Outside of the excellent characterisation, Lawrence paints a vivid picture of a post-apocalyptic world. The ruins of an earlier, technological age (probably our one, though the map suggests that if it is, the geography of the world has been radically transformed, at least in the area the story takes place) paint the landscape, and it's interesting to see references to familiar names and places. The works of Plutarch, Socrates and Sun Tzu have survived, as has the Christian faith, and in the distant east place-names sound more familiar (Indus, Persia). This evokes the feeling of a world broken and twisted, the new rammed in with the old, the effect of which is unsettling (I think it might be what Paul Hoffman was going for in The Left Hand of God, but Prince of Thorns does it much better). I assume more about the world and the history will be revealed in the inevitable sequels. Whilst Prince of Thorns is the opening volume in a trilogy, but also works well as a stand-alone work. Whilst there is clearly more to come, it ends on a natural pause, not a cliffhanger, which is welcome.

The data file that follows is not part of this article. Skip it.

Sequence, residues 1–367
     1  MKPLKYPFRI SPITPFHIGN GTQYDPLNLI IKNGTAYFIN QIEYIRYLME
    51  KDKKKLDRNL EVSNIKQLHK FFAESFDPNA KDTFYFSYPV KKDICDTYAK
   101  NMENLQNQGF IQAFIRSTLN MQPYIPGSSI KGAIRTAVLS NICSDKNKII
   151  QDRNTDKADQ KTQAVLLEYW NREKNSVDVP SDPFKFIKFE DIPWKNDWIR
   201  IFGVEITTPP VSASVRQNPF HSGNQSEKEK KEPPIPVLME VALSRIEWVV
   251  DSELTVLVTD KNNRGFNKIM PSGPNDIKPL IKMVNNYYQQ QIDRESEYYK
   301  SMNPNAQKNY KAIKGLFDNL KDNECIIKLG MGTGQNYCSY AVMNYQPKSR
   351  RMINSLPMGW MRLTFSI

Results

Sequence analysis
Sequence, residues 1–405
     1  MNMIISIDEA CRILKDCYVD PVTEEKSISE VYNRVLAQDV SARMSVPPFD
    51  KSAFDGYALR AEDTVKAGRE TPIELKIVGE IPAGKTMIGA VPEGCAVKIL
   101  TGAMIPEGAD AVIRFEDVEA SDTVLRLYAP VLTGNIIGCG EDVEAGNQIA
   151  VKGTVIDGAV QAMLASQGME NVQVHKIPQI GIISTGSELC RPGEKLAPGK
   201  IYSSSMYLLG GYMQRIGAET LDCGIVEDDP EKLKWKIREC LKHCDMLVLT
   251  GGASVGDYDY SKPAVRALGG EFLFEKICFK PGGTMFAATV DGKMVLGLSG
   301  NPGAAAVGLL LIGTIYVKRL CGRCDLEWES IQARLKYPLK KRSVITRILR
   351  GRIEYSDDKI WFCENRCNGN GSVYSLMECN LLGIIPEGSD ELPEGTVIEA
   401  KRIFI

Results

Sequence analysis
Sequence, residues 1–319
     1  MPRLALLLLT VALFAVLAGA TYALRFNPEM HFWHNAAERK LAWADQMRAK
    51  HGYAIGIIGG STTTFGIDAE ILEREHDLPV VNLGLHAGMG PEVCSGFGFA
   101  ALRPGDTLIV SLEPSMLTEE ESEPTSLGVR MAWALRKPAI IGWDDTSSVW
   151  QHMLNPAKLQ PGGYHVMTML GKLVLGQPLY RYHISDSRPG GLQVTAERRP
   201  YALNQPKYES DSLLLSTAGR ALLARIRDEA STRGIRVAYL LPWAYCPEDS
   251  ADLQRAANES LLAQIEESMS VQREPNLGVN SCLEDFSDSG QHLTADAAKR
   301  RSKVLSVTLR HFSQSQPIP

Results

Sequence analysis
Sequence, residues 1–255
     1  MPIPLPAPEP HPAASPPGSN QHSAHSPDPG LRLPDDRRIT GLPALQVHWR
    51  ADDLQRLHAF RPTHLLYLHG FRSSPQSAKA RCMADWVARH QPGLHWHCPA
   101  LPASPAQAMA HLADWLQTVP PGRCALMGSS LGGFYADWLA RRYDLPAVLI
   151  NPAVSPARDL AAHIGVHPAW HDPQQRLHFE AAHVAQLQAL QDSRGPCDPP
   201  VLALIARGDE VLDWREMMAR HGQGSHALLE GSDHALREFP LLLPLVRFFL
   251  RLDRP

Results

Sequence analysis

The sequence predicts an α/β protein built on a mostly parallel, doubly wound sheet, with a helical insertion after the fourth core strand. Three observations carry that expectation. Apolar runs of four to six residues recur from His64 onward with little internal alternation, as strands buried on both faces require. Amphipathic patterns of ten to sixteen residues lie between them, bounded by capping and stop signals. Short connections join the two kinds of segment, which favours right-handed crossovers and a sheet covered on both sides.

This is a blood-soaked, cynical and unrelentingly bleak novel, but it also has a rich vein of humour, and there are a few 'good' (well, relatively) characters to show that there is still hope in the world. There are some minor downsides: a few times Jorg seems to 'win' due his bloody-minded attitude overcoming situations where he is phyiscally or magically outclassed, and there's a few too many happy coincidences which allow Jorg and his men to beat the odds, especially right at the end. There's also an event about three-quarters of the way through the novel which is highly impressive, but may be a bit hard for some fantasy fans to swallow.